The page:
Music

Roland releases compact audio mixer for smartphone videographers

Roland releases compact audio ...
The Go:Mixer digitally transfers audio straight to a smartphone video recording in real time
The Go:Mixer digitally transfers audio straight to a smartphone video recording in real time
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The Go:Mixer doesn't run on batteries, but is powered by the smartphone it's plugged into
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The Go:Mixer doesn't run on batteries, but is powered by the smartphone it's plugged into
Go:Mixer users can plug in a guitar or bass, supply beats or drone sounds with a digital keyboard, feed in vocals and run backing tracks from music players
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Go:Mixer users can plug in a guitar or bass, supply beats or drone sounds with a digital keyboard, feed in vocals and run backing tracks from music players
The Go:Mixer has been designed with the sole purpose of giving the audio track on smartphone videocasts a quality bump
3/5
The Go:Mixer has been designed with the sole purpose of giving the audio track on smartphone videocasts a quality bump
Mixing knobs on the gO:Mixer can be used to combine up to five input sources at once
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Mixing knobs on the gO:Mixer can be used to combine up to five input sources at once
The Go:Mixer digitally transfers audio straight to a smartphone video recording in real time
5/5
The Go:Mixer digitally transfers audio straight to a smartphone video recording in real time

Though modern smartphone cameras can deliver in the video department for home-cooked musicians hoping to go viral on YouTube or dedicated vloggers, video reviewers and online tutorial makers, the device's audio recording prowess may well disappoint. Roland launched a pocket device at CES back in January that's designed to help. The Go:Mixer, which is now available to buy, allows users to capture a high quality audio track at the same time the video is recorded, and mix in vocals, instruments and backing music on the fly.

The Go:Mixer has been designed with the sole purpose of giving the audio track on smartphone videocasts a quality bump, with Roland promising a "marked upgrade" over a smart device's built-in mono mic. It's compatible with iOS and Android smartphones and is ready to roll out of the box.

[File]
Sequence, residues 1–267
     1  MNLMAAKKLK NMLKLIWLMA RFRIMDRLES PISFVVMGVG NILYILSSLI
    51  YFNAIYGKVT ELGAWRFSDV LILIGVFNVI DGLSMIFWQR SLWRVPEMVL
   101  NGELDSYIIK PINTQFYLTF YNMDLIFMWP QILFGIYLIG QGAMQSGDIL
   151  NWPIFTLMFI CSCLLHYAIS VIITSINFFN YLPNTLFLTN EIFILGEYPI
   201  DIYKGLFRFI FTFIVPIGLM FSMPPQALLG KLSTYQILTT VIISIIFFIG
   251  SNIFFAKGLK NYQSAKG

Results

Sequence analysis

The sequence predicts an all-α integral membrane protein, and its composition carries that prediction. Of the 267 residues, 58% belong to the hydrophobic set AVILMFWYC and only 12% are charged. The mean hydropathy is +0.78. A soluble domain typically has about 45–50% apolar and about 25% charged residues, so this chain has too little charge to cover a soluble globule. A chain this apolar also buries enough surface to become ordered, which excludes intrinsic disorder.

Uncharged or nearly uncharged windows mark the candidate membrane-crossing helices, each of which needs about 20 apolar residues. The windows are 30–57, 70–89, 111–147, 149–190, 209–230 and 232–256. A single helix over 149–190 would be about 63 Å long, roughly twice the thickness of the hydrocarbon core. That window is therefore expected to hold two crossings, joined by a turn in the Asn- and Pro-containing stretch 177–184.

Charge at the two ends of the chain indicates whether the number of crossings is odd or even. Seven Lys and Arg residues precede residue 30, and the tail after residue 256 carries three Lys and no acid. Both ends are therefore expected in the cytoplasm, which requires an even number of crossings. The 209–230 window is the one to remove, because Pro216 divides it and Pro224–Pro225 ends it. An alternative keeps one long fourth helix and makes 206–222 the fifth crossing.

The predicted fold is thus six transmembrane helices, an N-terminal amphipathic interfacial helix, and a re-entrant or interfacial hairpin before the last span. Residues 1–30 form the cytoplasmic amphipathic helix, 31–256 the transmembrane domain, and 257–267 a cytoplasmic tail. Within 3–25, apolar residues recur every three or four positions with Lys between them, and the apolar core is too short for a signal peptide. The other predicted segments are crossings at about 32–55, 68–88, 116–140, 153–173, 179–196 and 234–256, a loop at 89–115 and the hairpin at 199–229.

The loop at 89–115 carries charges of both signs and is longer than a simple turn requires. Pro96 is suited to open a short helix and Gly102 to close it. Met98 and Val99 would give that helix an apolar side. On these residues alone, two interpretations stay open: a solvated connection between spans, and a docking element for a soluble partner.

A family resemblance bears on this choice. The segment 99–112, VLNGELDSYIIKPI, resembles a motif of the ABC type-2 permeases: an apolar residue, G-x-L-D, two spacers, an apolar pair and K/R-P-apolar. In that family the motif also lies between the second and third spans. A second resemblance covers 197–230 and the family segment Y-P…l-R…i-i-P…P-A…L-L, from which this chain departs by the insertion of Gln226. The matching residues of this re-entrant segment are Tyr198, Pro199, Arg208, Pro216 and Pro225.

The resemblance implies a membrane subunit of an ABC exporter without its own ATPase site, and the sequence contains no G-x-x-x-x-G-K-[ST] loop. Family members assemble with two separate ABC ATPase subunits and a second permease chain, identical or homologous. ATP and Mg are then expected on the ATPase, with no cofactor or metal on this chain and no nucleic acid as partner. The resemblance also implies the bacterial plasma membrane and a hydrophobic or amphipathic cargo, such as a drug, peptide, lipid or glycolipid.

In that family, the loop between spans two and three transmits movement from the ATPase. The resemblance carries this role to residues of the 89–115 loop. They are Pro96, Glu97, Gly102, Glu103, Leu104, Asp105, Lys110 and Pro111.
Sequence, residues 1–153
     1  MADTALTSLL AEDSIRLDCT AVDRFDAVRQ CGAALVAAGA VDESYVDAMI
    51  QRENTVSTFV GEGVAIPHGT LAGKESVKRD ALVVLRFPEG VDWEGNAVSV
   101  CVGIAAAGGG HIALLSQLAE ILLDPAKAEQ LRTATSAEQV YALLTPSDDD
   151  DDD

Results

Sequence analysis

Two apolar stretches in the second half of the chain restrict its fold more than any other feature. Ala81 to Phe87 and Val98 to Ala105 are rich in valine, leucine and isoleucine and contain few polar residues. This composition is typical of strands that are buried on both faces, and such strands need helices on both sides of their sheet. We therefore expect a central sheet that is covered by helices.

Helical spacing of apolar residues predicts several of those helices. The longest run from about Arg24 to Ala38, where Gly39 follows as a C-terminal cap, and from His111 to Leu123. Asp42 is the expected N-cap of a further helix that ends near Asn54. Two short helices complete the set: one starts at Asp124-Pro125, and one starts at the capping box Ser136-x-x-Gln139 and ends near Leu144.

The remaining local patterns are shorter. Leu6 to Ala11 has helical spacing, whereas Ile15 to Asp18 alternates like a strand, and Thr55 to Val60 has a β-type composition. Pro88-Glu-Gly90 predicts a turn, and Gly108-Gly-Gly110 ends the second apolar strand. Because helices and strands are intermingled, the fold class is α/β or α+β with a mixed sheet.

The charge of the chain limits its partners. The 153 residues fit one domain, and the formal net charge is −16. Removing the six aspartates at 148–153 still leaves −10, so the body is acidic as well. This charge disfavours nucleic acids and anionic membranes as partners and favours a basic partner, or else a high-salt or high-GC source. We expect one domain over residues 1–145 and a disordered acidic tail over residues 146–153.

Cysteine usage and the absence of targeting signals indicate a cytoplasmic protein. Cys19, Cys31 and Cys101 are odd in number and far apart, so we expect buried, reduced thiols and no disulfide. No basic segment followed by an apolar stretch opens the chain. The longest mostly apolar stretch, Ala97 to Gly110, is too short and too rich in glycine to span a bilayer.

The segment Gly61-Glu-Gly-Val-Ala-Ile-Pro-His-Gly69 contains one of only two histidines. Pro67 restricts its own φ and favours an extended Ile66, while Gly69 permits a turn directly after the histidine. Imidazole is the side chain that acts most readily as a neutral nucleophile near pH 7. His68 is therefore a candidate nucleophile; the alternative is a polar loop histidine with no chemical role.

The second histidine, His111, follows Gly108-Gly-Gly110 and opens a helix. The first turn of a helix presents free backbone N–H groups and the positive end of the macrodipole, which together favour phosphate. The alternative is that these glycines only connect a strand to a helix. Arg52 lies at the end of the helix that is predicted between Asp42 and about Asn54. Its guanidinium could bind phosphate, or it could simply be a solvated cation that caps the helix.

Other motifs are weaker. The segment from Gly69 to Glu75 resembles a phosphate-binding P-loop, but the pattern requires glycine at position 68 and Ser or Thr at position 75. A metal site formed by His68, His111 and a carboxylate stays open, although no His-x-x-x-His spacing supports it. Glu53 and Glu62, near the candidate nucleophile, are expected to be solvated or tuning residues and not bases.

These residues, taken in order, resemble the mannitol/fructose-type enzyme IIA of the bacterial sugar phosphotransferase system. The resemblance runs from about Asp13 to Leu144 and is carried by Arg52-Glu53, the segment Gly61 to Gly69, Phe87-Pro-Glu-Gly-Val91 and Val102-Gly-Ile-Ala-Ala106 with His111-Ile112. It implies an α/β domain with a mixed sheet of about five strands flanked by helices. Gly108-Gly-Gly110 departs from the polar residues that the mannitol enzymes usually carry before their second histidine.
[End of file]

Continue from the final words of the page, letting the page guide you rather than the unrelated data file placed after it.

The 3.75 x 3.75 x 1.1 in (95 x 95 x 28 mm), 4 oz (100 g) pocket mixer is cabled up rather than going wireless, drawing its power from the smart device (so users may want to keep a weather eye on host battery levels), and a user just needs to launch a favored camera/video app to get the recording session started.

Mixing knobs up top can be used to combine up to five input sources at once, meaning users can plug in a guitar or bass, supply beats or drone sounds with a digital keyboard, feed in vocals and run backing tracks from music players. There's no phantom power available though, so care will need to be taken when choosing microphones.

The Go:Mixer has been designed with the sole purpose of giving the audio track on smartphone videocasts a quality bump
The Go:Mixer has been designed with the sole purpose of giving the audio track on smartphone videocasts a quality bump

There's a function that reduces the volume of the main vocal in a song played through the device, giving the user the opportunity to take lead vocals in karaoke fashion, and a stereo output jack is included for headphone monitoring or to output the mix to a powered speaker.

Rather than hooking up expensive and complicated audio recording hardware to a videocast setup, and then wasting precious time getting everything to sync up in video editing software, the Go:Mixer digitally transfers audio straight to a smartphone video recording in real time. Neat.

The Go:Mixer comes supplied with USB/Lightning cables and is available now for a street price of US$99.

Source: Roland

1 comment
JaxCavalera
Shame they didn't think even a moment about their end user with this product. The only viable DAW on smartphones is Audio Evolution Studio and trying to run that with this device for 30 minutes would nearly crush half the charge on a typical smartphone's battery. So you kick off recording after doing mic tests and adjustments with less that an hour of time before you have to pause, put the phone on charge wait 30 to 60 minutes and go again. All they had to do was include the ability to optionally connect an external power source to the device and they could have had phantom power + unlimited recording sessions via power outlet / portable power pack. maybe next time...